Chapter

Emotions, Desires, and Reasons

Alan H. Goldman

in Reasons from Within

Published in print November 2009 | ISBN: 9780199576906
Published online February 2010 | e-ISBN: 9780191722288 | DOI: http://dx.doi.org/10.1093/acprof:oso/9780199576906.003.0003
Emotions, Desires, and Reasons

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Desires, like emotions and attitudes, are analyzed as cluster concepts. Prototypical desires consist in behavioral dispositions, pleasant thoughts, evaluative judgments, yearning sensations, and directions of attention. None of these is necessary or sufficient, but the absence of any renders a state less than prototypical as a desire. Emotions can make one act arationally or irrationally, in failing to act on one's reasons. If the emotion of depression removes motivation to act on one's reasons, this seems to be a problem for internalism, which holds that reasons depend on motivations. The cluster concept analysis helps to solve this puzzle by allowing that evaluative judgments, which remain despite depression, are proper parts of motivational states or desires. It also helps to show which desires generate reasons: those containing evaluative judgments reflective of deeper concerns, and coherent with other desires that such concerns generate.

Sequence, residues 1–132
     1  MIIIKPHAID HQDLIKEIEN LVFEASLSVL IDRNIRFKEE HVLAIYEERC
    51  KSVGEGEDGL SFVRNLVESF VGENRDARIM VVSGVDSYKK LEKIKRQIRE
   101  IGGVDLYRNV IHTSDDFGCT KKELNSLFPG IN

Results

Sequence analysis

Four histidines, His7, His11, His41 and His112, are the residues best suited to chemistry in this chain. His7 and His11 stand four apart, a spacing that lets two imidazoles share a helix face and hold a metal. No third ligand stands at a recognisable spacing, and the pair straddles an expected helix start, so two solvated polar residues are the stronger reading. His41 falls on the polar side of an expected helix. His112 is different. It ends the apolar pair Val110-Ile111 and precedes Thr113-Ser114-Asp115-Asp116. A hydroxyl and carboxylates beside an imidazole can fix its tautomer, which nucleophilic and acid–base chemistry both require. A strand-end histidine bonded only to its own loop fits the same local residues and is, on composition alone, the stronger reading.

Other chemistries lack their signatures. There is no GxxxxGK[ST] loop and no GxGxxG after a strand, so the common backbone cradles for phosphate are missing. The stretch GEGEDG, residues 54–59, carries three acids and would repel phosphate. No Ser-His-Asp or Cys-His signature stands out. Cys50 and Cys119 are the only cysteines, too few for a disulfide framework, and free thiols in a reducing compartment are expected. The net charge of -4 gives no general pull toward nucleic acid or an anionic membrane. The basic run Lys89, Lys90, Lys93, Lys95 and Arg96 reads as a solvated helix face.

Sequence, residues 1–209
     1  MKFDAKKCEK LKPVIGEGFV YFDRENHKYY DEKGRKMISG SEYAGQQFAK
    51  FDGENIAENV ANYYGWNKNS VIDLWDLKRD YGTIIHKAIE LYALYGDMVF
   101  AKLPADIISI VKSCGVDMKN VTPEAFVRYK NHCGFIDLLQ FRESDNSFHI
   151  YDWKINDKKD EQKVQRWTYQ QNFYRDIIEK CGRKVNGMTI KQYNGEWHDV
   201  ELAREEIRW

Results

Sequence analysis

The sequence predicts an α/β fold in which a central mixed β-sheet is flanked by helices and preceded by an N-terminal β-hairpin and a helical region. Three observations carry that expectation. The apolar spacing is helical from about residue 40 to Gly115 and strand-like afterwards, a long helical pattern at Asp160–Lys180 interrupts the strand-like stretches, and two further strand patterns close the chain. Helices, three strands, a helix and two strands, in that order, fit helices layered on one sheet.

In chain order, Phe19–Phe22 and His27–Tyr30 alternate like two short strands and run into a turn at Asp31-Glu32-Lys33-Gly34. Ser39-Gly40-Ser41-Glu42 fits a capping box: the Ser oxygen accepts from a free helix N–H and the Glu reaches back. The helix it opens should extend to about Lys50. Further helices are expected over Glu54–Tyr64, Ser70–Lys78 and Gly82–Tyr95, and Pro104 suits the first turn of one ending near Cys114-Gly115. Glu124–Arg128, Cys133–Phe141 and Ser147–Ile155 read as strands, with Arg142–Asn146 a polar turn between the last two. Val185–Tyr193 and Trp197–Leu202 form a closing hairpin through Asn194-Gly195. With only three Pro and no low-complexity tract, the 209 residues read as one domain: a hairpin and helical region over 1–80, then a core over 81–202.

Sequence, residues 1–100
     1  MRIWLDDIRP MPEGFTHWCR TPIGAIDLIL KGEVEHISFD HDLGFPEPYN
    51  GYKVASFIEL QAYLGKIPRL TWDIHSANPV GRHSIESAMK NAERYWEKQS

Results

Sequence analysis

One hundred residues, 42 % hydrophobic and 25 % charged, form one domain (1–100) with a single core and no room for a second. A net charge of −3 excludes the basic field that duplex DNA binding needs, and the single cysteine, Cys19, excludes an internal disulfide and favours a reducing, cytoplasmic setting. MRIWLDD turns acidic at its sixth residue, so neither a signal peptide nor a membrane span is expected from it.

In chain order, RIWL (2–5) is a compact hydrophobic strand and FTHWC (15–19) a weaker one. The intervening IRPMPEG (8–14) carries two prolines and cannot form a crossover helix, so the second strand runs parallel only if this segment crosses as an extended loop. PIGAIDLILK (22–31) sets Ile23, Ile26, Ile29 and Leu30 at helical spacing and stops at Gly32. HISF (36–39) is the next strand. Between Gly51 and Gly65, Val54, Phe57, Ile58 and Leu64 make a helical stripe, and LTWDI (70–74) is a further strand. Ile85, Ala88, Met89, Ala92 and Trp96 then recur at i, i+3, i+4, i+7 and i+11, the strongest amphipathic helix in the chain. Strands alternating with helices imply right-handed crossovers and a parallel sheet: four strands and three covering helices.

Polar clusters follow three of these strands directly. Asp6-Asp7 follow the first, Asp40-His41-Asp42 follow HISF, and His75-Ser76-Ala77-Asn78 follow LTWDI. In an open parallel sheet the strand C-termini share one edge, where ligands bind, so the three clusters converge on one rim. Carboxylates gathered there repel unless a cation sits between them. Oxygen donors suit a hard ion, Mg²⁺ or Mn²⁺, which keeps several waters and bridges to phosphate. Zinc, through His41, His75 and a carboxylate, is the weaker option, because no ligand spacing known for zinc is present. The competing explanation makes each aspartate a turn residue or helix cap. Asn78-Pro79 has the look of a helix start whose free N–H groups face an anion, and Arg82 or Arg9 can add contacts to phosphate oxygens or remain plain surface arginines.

Keywords: desires; emotions; attitudes; cluster concepts; evaluative judgments; depression

Chapter.  16244 words. 

Subjects: Moral Philosophy

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